When poor plastic part design leads to failure

We are not helping our clients every day.

Sometimes, things more urgent raise their heads like today when the gents’ toilet would no longer flush – something had broken.  Right, so find a plumber amid the Covid 19 lockdown?  Ha ha! As the one in the company who started his working life, back in the sixties, in a plastic company that designed and manufactured the earliest of domestic waste drainage systems, it was determined that I should be plumber for the day!

After 40 minutes the old syphon was removed and a new, superbly designed plastic assembly replaced it.  The ladies were pleased to have exclusive use of their toilet back again and the guys just muttered something like “…about time..”

Cause of Failure

The shaft was a pretty good design – had it been a piece of turned brass – but for an injection moulded component it was totally naïve.  To give it some scale the shaft is Ø10mm and 125mm in length.  The fracture surface is classic of a fatigue fracture in a crystalline structure. Having lived a life in plastic product design, at a time like this, you cannot just throw the old unit in the bin without looking for the fundamental cause of the failure – and there it was plain to see.  The shaft that connects the “flushing handle” to the piston which lifts water inside and starts the syphon (Fig 1) had fractured.

 

(Fig 2). You can find virtually identical fatigue fracture images in steel parts – the mechanism is the same.  So, what is the hole up the centre?

 

Well, here is the part rearranged to illustrate it before it fractured (Fig 3). It has a flange at the right-hand end and a hole Ø5mm that is less than 4mm from the left-hand end.  There is evidence of a feed gate on the right-hand end face which has been welded up and a new gate positioned on the left-hand end.  When the gate was on the right there was probably failure of the hole because of a weak weld of the flow that is divided by the core pin forming the hole.

The problem here is that the 5mm cross hole reduces the flow channel for the molten polymer during moulding from Ø10mm (cross-sectional area of 78.5mm2) to 2 x Ø2.5mm (total cross-sectional area of 39.2mm2). This creates a local section that will cool 4 times faster than the Ø10mm part.  So the part upstream of this restriction, just where the weld needs pressure to consolidate, and a supply of compensating flow as the polymer cools and crystalises, becomes quickly isolated and left to cool and shrink much more than elsewhere.  This was probably manifested by the weld cracking.  Wisely, an alternative was found by gating the part at the left-hand end.  With the 5mm pin forming the hole being the first thing that the melt hits on entering the cavity, it worked well as a jetting preventer and the resultant weld caused by the re-joining of the divided flow was good as a large volume of hot melt mixed beyond the core pin.  When the cavity was filled the same restricted flow caused by the pin has the same effect of isolating the upstream section of the mould cavity.  The polymer close to the pin cools and solidifies and, acting like a tap, turns off the supply of packing pressure and compensating melt flow. Starved, the polymer in the Ø10mm just cooled and shrank – but there is no evidence of sinkage.  This is because all of the shrinkage took place internally.  The polymer in the mould cools from the outside in, initially conducting its heat to the mould steel.  As it cools it shrinks away from the steel and cools at a slower rate.  At Ø10mm, this polypropylene part would take several minutes for the centre to reach the Vicat softening point – never mind room temperature.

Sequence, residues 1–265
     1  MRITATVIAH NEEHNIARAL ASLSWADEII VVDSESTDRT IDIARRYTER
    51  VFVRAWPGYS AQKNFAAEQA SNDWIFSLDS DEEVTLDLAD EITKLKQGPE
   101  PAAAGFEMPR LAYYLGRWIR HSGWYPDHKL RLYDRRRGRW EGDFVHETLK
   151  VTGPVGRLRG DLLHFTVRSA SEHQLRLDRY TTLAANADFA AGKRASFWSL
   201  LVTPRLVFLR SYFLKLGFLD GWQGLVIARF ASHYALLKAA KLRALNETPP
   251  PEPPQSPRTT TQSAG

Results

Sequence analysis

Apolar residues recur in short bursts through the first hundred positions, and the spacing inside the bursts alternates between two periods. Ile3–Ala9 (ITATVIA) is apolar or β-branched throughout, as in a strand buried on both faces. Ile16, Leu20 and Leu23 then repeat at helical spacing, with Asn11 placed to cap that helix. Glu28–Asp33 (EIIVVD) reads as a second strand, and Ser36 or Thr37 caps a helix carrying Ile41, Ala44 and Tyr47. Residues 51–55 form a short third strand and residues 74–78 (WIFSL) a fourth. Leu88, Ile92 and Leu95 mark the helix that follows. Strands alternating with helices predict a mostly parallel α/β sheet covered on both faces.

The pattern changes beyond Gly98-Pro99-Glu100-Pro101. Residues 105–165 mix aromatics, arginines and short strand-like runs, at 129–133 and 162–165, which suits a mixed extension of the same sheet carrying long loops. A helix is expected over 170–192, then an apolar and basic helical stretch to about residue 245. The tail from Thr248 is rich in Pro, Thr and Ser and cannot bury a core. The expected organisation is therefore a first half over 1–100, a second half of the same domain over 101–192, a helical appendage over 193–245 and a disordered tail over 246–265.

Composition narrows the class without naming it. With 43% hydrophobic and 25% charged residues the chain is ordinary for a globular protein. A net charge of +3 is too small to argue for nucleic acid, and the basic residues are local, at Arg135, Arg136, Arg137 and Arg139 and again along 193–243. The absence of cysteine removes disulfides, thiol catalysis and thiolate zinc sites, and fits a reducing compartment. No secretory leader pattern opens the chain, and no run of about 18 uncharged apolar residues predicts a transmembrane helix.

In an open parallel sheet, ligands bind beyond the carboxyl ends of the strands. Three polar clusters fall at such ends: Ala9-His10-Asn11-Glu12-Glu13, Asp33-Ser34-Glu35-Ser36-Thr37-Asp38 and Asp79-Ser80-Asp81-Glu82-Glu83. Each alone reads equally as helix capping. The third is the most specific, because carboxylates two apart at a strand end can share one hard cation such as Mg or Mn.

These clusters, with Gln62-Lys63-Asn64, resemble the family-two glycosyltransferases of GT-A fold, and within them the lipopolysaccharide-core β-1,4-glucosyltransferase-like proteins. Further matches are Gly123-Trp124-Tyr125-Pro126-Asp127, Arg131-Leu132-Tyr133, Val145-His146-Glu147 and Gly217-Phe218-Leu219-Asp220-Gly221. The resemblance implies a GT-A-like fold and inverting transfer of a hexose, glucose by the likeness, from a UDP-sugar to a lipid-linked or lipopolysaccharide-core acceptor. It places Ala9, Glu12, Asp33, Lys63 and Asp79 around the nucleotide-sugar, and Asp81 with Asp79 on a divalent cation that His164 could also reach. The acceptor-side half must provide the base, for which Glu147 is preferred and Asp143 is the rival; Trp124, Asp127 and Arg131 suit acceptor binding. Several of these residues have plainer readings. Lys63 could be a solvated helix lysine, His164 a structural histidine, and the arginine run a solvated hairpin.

Eventually the outer part cools sufficiently to solidify forming a frozen layer at which point the part is stiff enough for the mould to open and the part to be ejected.  This would be about 70 seconds after the mould was filled with molten polymer at around 230oC.  By this time, the centre of the part is still molten, but it must continue to shrink towards its room temperature density which would be about 20% less.  The molecular forces are massive such that a void forms because the very high hoop stiffness of the outer frozen layer resists collapse.  This void is the 2mm hole seen in Fig 2.  It starts 76mm from the gate – just before the point of the fracture and continues for a further 20mm – and when I say it is a void, it is absolutely that – a vacuum.

With it comes large residual stresses that remain locked into the structure, one that lives in the cold-water environment of a toilet cistern.  Stress the component with not just a tensile force but a bending moment too (created by the off-set load of the water on the piston) and a perfect scenario for a fatigue fracture – it just needs enough cycles.

So, the part failed because it was not designed correctly for the polymer or for injection moulding.  The design was just a ‘fit and function’ solution from the mind of a ‘turned parts’ designer. Compared to the rest of the components that make up the complete syphon, this item was (save for some washers) the simplest of geometries and one of the smallest parts, yet it was fundamental to the operational success of the whole. Poor plastic product design caused the whole system to fail prematurely.  It was the classic ‘weakest link’ in the component chain.

There is a good ending to this story though, because the replacement in our gent’s toilet by yours truly, was one of the best-designed assemblies of plastic components that I have seen for a long time shown here in (Fig 4). Great choices of polymers for the application, well tooled for production, well designed for assembly and installation and great functionality.

 

Hats off to the design and manufacturing team at Fluidmaster UK – whom I do not know. It is worthy of a design award.

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